Winter backpacking isn’t necessarily a different discipline, but the amount of preparation goes through the roof when temperatures are cold enough to kill. Winter backpacking also necessitates new and specialized gear purchases – snowshoes, microspikes, and ice axes, to name a few.

Thru-Hiking and Section Hiking

Thru-hiking is what you do on the Appalachian, Pacific Crest, and similar trails. It’s the same as backpacking, but longer, more intense, and powered by resupplies – arrangements that are made to have your food, water, and gear replenished every 7-21 days. Thru-hiking trips can last just a couple of weeks or 6+ months, depending on the trail.

Section hiking is a subset of thru-hiking. Instead of doing the entire 2000+ miles of the Appalachian Trail in one kick, section hikers tackle it chunk by chunk, returning home after they complete each section. It’s a great way to experience the iconic Appalachian, Pacific Crest, and Continental Divide trails without having to quit your job.

Fastpacking

Are you a racer at heart? Miss your cross-country or track glory days, but want to move into something new? Fastpacking might be for you. As the name implies, Fastpacking is backpacking, but… fast. Many fastpackers time their trips and move as quickly as possible to set new trail records.

For instance, the trail record for the Pacific Crest Trail that runs between California and Washington state is just 51 days. That’s right – somebody was able to walk the entire 2,560 miles in 51 days!

Bikepacking

Got sore knees? I do – and that’s why I’m eagerly prepping for my first bikepacking trip, probably sometime next year. Bikepacking is exactly what you think it is – backpacking, but riding a bike across roads or paved/gravel trails.

Bikepackers use different gear storage than backpackers, loading their stuff into specialized bags that attach to their bike frames. If you’ve got a passion for long weekend rides, bikepacking might be the adventure you’re looking for!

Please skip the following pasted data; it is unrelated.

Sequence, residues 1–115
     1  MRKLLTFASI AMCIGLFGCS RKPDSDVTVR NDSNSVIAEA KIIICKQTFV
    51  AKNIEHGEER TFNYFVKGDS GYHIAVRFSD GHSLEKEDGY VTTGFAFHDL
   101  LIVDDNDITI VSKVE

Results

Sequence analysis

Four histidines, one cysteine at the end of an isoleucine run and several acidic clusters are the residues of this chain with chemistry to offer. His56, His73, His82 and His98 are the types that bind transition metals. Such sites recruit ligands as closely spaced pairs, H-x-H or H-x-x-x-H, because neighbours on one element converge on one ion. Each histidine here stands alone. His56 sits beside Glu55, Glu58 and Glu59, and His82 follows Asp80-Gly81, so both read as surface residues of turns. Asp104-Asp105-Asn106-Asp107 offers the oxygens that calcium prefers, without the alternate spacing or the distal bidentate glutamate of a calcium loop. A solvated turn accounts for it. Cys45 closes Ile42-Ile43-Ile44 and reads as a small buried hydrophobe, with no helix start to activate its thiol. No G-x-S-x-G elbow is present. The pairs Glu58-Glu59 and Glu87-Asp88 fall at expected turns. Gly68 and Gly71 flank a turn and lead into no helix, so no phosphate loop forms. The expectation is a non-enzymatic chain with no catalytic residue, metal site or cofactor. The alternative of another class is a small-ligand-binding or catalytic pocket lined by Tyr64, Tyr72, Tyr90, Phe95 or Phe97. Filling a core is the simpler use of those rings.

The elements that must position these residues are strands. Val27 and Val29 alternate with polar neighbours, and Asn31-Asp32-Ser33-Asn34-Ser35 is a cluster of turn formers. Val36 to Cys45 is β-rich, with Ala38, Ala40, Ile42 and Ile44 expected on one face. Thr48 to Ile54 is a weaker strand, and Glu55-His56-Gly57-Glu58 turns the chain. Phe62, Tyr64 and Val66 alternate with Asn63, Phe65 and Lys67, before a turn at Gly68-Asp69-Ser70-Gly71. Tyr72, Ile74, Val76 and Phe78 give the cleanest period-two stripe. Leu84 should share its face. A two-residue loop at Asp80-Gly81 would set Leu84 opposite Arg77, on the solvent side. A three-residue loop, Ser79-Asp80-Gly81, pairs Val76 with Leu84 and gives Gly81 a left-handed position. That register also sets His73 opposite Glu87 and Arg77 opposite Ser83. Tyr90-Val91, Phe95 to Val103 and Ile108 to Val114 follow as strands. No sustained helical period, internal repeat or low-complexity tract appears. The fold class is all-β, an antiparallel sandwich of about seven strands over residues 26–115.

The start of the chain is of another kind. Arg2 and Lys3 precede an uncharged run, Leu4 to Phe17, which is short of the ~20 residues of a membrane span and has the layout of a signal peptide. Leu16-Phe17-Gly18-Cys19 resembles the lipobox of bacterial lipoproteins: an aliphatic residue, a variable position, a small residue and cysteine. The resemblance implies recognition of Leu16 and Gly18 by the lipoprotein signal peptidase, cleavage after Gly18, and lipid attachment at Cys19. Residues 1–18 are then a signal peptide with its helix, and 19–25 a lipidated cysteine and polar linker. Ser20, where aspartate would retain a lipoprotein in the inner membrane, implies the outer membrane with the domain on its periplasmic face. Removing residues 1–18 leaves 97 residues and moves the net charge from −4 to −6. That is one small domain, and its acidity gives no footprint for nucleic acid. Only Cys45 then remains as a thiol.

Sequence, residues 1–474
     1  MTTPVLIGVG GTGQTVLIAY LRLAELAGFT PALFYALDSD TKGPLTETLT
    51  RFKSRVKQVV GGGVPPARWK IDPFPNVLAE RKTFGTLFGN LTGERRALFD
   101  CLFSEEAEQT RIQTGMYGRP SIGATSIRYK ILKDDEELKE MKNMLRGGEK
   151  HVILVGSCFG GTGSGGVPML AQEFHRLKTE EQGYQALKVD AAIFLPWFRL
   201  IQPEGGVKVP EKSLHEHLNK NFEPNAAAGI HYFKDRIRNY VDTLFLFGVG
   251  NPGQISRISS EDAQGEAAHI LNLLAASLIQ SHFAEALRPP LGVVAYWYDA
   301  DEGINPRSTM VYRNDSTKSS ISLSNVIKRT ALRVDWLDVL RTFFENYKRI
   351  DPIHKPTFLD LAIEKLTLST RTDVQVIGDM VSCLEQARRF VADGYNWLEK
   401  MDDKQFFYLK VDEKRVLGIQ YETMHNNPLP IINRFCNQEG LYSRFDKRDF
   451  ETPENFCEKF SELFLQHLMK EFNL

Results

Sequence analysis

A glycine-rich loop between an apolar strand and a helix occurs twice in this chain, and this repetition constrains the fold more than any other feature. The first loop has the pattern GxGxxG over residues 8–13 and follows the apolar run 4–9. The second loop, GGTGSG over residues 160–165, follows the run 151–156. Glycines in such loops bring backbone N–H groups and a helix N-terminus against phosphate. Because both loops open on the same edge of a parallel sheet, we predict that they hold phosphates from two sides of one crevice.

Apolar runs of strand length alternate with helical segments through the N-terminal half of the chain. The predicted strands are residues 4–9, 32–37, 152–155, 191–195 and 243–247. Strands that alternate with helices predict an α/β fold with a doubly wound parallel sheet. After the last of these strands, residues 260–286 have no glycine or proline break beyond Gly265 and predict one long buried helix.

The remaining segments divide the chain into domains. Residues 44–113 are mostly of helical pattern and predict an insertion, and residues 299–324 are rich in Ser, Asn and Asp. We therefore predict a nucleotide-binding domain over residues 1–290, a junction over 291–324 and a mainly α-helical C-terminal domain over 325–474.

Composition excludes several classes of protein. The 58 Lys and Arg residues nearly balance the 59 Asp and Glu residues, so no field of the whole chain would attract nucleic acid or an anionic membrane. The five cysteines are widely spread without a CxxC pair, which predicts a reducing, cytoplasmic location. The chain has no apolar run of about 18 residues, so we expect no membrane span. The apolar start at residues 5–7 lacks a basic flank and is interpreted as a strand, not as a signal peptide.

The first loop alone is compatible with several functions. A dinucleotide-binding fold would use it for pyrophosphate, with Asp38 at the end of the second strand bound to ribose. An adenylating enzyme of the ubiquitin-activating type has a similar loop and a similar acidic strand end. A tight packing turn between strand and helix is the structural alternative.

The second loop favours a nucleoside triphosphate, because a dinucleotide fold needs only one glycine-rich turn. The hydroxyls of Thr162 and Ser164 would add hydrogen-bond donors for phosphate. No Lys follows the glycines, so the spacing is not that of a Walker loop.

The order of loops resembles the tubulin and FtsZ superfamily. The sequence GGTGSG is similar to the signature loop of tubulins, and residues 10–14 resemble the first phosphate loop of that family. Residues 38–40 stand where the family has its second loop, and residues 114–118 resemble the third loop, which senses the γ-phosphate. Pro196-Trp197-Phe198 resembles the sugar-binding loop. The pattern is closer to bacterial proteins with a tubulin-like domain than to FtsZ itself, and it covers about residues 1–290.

Backpacking FAQ

How much does it cost to start backpacking?

Of course, there are a million factors that can change the exact dollar amount you’ll spend, but we will try to keep it simple here. Starting from scratch, shopping at REI or similar outfitter chains, you’re going to spend about $800-$1,500 to get every item you need for backpacking. I spent about $1,100 to outfit myself a while back, buying most of my stuff from REI.

Is Backpacking different in Europe?

Kinda – in the US, we use the term “backpacking” to describe extended trips into wilderness areas, using your feet for transportation. In Europe, backpacking has the same meaning, but can also refer to extended trips from city to city, staying in hostels and taking trains or walking from place to place.

What are the benefits of backpacking?

From personal experience, the two biggest benefits of backpacking are improved health (I lost weight, gained muscle, and increased my cardio health all at once) and a sense of peace. Backpacking is undeniably relaxing and leaves you feeling mentally reborn even if you are physically spent.

What is the difference between backpacking and mountaineering?

Mountaineering works similarly to backpacking in the sense that you travel by foot and live with only what you can carry – but that’s where the similarities end. Mountaineers are incredibly skilled with technical climbing, scrambling, and not freezing to death. None of those skills are required on a normal backpacking trip, and that’s why I’m never going to be a mountaineer!

Should I be worried about bears when backpacking?

Not really – while I am personally terrified of bears, I sleep easy with the knowledge that bear encounters are rare and seldom dangerous. Also, there are tons of different things you can do to keep yourself safe from bears, like carrying bear spray or using a bear horn to announce your presence before you get too close.